Ian: Okay. If you’re looking on site, and there’s a requirement to energize the site before completion, then there is a duty of care if you like. From the design team, as well as the client, that people coming into the site to carry out the installation of whatever it happens to be on a construction site, they still need to be safe, basically. Even though a site might have a temporary situation, there still needs to be a due diligence piece done to make sure that the people on site doing that going about their work are not exposed to any hazards during that period.
So, I am hoping that answers your question, Tony on that one. Tends to be a fairly light touch approach. You do not have for temporary systems, the hazard could be equally as hazardous as when the construction is completed. So, if that is the case, then it would be a good idea to do an earthing study pre completion. Just to make sure that things are okay. After all the electrode that is managing the hazard could be a partial system which has an associated higher risk to it.
Can you describe the top hat idea in a little bit more detail?
Yes, sure. So, what is happening there is, if we took a look at Hugh’s piece, where you have a square kind of substation. It sees a very high EPR. Without any measures, if you went into that substation, you would see a dangerous touch and step voltages.
The mitigation for that is to obviously put a grid in so you can equalize the potential. But sometimes when you have got a small substation like that, and without the top hat, the top hat is that gradient, so you’ve got a ring around the outside of the base, and then maybe a meter further out, you’d have another ring, but sort of half a meter deeper, or even a meter deeper. Then there may be a third ring, which goes deeper again.
The reason for that is that you are looking to provide almost like a ramp. So that when you are stepping into the hot area, or the where the EPR is at its peak, that it’s not a big jump. There is a significant difference between what your first foot and your trailing foot. That is the idea of having that graduated kind of approach that is commonly known as the top hat. Is that it provides that ramp so that the differences in potential between your back foot and your front foot are suppressed, or they are moderated.
What about if you already have an earthing system installed, but it is not working as it should do?
How can you detect what to do about the soil resistivity?
You have an existing site, it is not performing. You have got extremely high readings, very high EPR. As a result, what are you going to do about it? And when can you know something about the geology. So, if it is if it is a site that is new to you, you obviously need to unpick what is going on with the geology that it is sitting in.
That may mean actually going to do a soil resistivity survey around the site. You can start to get insights into what is happening under the ground. In the geology itself, if you are not able to do that, then a useful alternative is to look at some geological records that might already be in circulation. So, you have geophysical reports from when the site was first constructed. In the UK, we are blessed with British survey, geological survey maps, which are a legacy record that dates back sort of 100 years, where you have locations where boreholes have been cut and drilled. Also the data from scientific research is fed back into this. So, one, you cannot beat direct measurement, if you can do a soil resistivity test, do it. If you cannot, though, then you might have to lean on the records, Legacy records that might be available.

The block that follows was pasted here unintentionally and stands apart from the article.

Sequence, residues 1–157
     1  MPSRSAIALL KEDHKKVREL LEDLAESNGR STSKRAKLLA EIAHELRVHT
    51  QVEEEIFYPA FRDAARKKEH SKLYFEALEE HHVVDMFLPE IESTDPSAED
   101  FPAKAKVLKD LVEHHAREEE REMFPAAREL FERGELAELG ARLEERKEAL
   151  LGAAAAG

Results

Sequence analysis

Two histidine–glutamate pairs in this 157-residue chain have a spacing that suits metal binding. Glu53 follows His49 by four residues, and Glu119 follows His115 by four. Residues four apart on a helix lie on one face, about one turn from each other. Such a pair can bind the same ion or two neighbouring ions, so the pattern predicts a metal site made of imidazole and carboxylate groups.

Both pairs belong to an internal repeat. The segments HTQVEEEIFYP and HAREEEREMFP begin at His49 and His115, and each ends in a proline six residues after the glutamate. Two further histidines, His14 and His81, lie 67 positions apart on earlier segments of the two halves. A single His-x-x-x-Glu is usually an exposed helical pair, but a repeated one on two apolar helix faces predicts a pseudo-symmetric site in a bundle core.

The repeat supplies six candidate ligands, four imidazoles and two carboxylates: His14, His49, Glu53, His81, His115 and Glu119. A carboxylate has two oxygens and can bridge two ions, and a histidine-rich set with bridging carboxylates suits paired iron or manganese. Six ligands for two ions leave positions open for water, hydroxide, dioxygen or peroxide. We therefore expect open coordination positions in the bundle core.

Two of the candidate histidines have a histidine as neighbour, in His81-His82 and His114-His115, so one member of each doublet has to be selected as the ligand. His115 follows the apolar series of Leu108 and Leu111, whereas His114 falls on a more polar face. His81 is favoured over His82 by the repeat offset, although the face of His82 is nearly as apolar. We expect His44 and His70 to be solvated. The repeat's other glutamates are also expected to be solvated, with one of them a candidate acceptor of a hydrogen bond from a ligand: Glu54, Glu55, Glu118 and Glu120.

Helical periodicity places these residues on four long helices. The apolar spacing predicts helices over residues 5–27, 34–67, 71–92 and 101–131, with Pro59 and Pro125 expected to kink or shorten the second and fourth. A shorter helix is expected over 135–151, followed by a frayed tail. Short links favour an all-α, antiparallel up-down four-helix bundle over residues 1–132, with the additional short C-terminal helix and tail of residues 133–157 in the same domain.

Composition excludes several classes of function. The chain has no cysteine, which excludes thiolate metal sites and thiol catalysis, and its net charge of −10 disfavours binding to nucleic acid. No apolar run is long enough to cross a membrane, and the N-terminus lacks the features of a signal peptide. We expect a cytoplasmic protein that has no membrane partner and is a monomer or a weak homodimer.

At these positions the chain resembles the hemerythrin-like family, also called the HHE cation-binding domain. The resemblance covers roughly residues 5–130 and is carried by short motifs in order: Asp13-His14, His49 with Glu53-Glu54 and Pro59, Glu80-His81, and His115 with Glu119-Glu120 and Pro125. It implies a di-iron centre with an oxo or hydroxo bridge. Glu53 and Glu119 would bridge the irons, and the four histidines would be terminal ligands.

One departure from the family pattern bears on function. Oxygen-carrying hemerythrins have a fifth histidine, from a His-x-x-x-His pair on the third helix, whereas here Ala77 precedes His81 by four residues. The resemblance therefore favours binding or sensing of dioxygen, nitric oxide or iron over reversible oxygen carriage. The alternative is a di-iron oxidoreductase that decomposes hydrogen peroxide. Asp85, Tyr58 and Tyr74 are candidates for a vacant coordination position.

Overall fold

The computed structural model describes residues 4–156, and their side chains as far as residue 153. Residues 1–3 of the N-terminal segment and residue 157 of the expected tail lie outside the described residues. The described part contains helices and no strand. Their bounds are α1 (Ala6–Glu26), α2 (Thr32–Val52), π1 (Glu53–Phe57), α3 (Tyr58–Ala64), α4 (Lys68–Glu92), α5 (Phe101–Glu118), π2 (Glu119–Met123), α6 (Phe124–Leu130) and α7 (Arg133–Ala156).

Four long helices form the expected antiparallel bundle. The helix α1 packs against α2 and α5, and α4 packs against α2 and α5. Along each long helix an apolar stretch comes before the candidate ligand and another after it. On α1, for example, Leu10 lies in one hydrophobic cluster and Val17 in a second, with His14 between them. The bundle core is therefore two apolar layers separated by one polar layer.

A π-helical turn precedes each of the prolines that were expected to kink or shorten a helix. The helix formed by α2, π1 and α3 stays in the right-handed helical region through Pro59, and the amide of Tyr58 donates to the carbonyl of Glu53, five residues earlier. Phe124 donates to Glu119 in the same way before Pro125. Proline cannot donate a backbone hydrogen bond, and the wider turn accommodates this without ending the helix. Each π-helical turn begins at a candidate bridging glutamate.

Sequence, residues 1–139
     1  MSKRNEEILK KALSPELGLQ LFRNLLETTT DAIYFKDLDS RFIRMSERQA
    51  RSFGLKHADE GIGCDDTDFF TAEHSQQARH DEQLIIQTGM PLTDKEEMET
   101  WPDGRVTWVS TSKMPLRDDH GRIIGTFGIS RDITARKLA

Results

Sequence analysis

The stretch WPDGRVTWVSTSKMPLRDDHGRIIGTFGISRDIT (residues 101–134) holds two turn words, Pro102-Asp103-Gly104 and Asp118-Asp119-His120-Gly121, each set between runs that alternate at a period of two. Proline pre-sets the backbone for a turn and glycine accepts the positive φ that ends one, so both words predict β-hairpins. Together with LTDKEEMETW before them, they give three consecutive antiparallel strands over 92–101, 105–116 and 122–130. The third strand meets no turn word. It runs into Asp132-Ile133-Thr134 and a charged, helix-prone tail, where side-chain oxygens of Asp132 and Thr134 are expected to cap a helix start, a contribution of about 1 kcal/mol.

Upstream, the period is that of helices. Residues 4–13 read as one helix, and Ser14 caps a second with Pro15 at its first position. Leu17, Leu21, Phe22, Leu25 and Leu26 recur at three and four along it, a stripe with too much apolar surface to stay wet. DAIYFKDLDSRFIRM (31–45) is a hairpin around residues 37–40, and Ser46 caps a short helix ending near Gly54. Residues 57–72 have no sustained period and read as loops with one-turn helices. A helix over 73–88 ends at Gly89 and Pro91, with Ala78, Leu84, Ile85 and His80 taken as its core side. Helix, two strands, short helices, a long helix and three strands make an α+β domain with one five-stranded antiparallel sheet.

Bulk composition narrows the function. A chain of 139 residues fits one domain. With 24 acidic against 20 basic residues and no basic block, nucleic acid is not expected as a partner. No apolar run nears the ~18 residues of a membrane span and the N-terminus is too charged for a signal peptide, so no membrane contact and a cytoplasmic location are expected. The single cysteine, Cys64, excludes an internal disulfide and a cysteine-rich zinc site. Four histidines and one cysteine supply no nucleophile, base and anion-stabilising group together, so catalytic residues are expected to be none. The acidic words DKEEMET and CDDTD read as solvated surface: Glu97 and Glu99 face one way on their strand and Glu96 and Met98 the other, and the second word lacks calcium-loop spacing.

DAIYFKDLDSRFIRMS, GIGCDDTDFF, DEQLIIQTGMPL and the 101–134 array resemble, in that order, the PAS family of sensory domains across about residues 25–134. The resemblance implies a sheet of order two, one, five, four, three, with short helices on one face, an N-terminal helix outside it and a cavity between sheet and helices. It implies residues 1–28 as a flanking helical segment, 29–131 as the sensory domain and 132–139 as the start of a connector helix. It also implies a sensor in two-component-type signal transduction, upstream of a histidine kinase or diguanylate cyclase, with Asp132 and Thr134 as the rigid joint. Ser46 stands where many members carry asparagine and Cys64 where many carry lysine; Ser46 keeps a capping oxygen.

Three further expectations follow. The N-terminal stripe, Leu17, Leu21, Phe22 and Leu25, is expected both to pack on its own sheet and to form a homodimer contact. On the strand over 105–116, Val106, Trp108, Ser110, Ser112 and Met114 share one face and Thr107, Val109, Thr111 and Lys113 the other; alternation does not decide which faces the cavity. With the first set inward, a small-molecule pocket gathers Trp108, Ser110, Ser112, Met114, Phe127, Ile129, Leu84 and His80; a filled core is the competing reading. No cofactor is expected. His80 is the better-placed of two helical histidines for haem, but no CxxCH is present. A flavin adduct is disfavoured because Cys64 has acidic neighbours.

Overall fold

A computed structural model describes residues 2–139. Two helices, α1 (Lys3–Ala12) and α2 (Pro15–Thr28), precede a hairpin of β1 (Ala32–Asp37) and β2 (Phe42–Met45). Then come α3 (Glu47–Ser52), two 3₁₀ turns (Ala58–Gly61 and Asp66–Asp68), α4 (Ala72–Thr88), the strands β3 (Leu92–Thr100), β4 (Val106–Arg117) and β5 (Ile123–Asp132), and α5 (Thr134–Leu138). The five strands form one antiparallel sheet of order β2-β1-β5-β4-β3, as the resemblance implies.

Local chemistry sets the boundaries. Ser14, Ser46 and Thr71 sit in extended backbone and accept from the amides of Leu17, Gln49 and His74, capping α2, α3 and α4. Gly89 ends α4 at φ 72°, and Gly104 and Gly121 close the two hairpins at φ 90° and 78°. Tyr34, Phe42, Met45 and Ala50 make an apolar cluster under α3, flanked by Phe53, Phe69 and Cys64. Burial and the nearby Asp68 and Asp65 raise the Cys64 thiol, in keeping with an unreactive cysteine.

What to do in a desert situation?
We had a question come through from somebody that was experiencing a desert situation. So, you can imagine, underneath the sand is also pretty poor geology in terms of earthing. And it was a real struggle to get any kind of connection to the earth, you know, sand is not very conductive at the best of times. When you take out the moisture element, then the sites in the Middle East can be a challenge.
So, in that case, if your moisture is being extracted, especially on the surface level, then there might be an opportunity that might be some body of moisture deeper down. Use the boring techniques to get down to the moister conditions. If it is a site that is on near the coastline, then use the same similar kind of strategy, then because you get permeation of the surrounding sea, at certain levels. And especially if it is Tidal, because you get that kind of pumping action. But if those are not options to you, so if there is a complete absence of moisture, then you have got little option.
But to try and work away of either doping, or combination of doping and introducing moisture, by means of like an atomizer. There’s interventions that we can make to give ourselves a little bit of leeway, and headroom. And it is not perfect by any stretch of the imagination. What we are trying to do is to try and control something that we have little control over. But we can make certain influences and improvements.
Have we had experience of using Rocksalt?
Yes, we have. First thing is to say, consider the environmental side of things. Once that has been done, and you’ve risk assessed that there is going to have minimum impact, then rocksalt can be used as a doping agent. It is and it is often used as part of the recipe for some of the engineered backfills. So yes, it certainly can have a positive impact.
The downside is if you are in moderately temperate climates that have rainfall. The doping effect will lessen will degrade with time because the rainfall will kind of just wash it away. So, there is a maintenance thing that must be considered. So yes rocksalt but there are environmental things that you must look at, you are not impacting adversely and to the maintenance aspect. It is not a fit and forget kind of deal you must top up every now and again.
You have installed a copper mesh and the top layer/the backfill that the copper mesh sits in is not the native geology that you’ve previously tested.
We will take that scenario, first, so it has been like a manmade backfill. Do we exclude that first layer?
No. Even if it is an educated guess as to what that layer might be because the electrode is sitting in it. That is effectively the electrical connection that you have got with the wider geology. So, it is important to understand that connective layer as much as the underlying layers that go beneath it.
Thanks for your engagement today.